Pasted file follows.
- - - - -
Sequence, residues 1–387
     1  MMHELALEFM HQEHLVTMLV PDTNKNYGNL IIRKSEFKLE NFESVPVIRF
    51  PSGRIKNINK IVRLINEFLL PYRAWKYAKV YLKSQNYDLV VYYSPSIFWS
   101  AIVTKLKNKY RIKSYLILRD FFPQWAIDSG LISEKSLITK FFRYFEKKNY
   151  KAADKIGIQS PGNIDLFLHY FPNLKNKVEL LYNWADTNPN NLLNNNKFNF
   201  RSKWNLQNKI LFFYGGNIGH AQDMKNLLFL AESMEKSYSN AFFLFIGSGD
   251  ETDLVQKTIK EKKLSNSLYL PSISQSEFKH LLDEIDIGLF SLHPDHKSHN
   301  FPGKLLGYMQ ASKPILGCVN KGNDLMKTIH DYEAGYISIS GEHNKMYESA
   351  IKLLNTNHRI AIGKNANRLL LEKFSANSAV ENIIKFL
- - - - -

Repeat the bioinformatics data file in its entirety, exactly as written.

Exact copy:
Sequence, residues 1–387
     1  MMHELALEFM HQEHLVTMLV PDTNKNYGNL IIRKSEFKLE NFESVPVIRF
    51  PSGRIKNINK IVRLINEFLL PYRAWKYAKV YLKSQNYDLV VYYSPSIFWS
   101  AIVTKLKNKY RIKSYLILRD FFPQWAIDSG LISEKSLITK FFRYFEKKNY
   151  KAADKIGIQS PGNIDLFLHY FPNLKNKVEL LYNWADTNPN NLLNNNKFNF
   201  RSKWNLQNKI LFFYGGNIGH AQDMKNLLFL AESMEKSYSN AFFLFIGSGD
   251  ETDLVQKTIK EKKLSNSLYL PSISQSEFKH LLDEIDIGLF SLHPDHKSHN
   301  FPGKLLGYMQ ASKPILGCVN KGNDLMKTIH DYEAGYISIS GEHNKMYESA
   351  IKLLNTNHRI AIGKNANRLL LEKFSANSAV ENIIKFL